A “parent trigger” bill that was narrowly defeated in the Legislature last year is back and won a first, favorable vote in a House education subcommittee Thursday.

The bill gives parents a say in the fate of failing schools, allowing them to recommend “turnaround” options already required under state and federal law. The options include closing the school, converting it to a charter school or hiring an outside management firm to run it.

Proponents say it would empower parents to get more involved in a school where students are struggling academically. But opponents say it is a move to turn public campuses over to private companies and to circumvent the power of elected school boards.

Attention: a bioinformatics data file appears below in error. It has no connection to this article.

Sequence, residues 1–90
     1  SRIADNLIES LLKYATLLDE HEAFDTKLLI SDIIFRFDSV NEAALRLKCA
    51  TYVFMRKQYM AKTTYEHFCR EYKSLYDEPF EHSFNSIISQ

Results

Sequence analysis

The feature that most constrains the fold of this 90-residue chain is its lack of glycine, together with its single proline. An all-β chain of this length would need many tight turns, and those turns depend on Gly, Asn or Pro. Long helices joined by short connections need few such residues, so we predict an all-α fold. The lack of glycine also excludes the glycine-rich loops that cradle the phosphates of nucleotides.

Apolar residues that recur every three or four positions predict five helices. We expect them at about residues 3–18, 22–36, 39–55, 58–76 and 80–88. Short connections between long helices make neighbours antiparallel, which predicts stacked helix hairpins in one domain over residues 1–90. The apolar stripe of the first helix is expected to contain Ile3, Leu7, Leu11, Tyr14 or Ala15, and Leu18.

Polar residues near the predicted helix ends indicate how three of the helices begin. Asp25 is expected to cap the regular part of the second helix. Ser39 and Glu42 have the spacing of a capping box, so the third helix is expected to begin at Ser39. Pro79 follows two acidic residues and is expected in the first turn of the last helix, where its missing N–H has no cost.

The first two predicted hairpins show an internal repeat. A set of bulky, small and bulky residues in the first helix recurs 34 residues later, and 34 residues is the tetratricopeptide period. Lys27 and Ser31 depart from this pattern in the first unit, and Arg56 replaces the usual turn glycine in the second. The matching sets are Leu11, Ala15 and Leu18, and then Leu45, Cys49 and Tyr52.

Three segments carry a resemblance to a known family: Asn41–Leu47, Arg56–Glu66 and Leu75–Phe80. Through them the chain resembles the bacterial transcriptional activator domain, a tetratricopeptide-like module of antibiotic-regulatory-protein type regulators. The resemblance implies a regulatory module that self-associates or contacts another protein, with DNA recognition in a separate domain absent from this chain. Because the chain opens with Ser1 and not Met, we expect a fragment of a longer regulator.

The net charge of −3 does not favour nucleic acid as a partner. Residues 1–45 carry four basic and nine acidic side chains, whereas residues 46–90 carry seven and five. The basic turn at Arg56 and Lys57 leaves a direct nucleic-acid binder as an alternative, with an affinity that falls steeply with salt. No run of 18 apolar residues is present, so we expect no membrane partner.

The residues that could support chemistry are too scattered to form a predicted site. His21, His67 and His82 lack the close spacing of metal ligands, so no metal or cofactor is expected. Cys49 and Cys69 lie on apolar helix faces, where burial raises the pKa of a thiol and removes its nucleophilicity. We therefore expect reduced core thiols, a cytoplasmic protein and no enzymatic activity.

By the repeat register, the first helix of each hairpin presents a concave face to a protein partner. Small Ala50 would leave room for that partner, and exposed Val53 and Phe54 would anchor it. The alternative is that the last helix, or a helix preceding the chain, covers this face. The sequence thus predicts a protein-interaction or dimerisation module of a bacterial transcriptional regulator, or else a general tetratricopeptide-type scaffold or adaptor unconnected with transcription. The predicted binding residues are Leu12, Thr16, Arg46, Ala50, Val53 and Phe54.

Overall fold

The discussion on the bill (HB 867) drew a crowd to House’s choice & innovation subcommittee meeting. A similar measure last year passed in the Florida House but died in the Senate on a tie vote.

The bill takes aim at “consistent failure factories,” said Rep. Carlos Trujillo, R-Miami, the measure’s sponsor.

Click here for the Orlando Sentinel story 

Controversial ‘parent trigger’ bill passes its first test in Legislature

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